Well, secrecy is sort of the heart and soul of everything they want to do from almost the very beginning.
They were very secretive about everything they did. And again, there was a good reason for it and a not-so-good reason for it. The good reason was they wanted to prevent leaks. In my book I quote Justice [Potter] Stewart in the Pentagon Papers case saying ... that when everything is secret nothing is secret. Certainly that probably describes a lot of what happened in the Bush administration.
... Where are you when you see and learn about Abu Ghraib?
I learned about the Abu Ghraib scandal when I saw the pictures either in late April or early May of 2004 on a television screen in Alberto Gonzales' office. We were there meeting on another matter, and that's when I first saw the pictures. ...
[What was your reaction?]
My first reaction, frankly, was to worry about what I had done that may have been related to this. My mind started roving over all the possibilities. I worried about that first decision I made in October of 2003 about Iraqi terrorists being protected -- there was the legal analysis that there was an exception to that for non-Iraqi terrorists who entered occupied territory. That's what the Geneva Conventions said, and that's the way we interpreted the Geneva Conventions. I worried if that loophole had been exploited in some way that I didn't know about.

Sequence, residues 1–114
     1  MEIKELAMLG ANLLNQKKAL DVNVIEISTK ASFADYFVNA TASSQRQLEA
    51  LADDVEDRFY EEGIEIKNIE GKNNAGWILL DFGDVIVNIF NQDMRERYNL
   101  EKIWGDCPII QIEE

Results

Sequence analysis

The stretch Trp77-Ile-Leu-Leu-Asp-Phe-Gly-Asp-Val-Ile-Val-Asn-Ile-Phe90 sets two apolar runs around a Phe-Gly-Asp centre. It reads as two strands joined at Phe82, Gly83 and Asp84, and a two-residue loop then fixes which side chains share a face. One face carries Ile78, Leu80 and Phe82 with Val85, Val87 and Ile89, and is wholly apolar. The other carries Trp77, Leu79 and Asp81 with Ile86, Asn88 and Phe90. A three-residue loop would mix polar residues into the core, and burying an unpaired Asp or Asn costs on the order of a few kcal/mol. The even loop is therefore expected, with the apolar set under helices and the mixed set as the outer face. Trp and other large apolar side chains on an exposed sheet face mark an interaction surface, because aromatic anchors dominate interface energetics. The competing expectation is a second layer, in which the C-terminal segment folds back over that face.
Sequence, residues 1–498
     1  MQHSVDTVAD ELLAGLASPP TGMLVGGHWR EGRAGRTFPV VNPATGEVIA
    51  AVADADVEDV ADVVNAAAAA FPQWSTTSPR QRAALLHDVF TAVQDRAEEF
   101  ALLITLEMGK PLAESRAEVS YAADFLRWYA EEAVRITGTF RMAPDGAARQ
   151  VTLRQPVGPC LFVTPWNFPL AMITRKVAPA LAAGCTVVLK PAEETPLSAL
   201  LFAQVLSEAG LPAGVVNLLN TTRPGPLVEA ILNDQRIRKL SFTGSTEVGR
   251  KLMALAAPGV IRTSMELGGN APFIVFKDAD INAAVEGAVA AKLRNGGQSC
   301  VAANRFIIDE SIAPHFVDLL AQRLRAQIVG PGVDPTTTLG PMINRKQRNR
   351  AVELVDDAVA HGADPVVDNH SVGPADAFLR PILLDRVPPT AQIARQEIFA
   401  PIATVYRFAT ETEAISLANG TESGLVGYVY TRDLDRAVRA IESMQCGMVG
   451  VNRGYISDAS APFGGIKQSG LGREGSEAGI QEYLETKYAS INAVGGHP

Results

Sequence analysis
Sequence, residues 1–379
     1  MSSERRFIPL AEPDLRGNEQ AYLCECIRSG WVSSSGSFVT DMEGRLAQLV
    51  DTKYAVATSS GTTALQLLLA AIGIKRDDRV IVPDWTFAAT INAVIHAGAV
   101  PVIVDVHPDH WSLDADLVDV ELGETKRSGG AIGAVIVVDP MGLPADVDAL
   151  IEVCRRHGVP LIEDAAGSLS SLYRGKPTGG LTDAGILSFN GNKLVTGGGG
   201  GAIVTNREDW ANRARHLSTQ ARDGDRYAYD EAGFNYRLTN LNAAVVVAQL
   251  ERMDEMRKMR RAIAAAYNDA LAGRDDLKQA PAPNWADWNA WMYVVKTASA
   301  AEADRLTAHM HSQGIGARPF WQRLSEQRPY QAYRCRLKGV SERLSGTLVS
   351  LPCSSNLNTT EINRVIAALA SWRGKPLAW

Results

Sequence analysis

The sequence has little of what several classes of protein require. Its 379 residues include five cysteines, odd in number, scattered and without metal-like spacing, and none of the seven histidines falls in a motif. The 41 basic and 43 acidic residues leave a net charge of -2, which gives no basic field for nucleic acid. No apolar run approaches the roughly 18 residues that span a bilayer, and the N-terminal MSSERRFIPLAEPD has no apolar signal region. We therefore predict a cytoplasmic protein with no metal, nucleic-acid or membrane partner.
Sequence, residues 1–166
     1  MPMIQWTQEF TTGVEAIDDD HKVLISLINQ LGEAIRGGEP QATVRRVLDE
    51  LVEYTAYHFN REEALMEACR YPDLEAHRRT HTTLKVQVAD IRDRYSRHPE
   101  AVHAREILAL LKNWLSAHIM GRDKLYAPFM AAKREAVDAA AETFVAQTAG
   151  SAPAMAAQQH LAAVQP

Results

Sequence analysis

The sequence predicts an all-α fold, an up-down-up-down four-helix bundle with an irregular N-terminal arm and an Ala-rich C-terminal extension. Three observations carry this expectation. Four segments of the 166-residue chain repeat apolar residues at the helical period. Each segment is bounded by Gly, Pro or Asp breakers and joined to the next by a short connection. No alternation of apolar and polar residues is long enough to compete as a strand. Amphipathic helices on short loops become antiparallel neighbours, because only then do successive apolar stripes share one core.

I worried about the legal opinion that OLC had written to the Department of Defense. I don't have any basis for thinking it was responsible for this, but I certainly worried about it.
And the reason that Abu Ghraib becomes relevant is you were still evaluating the August 2002 interrogation memo.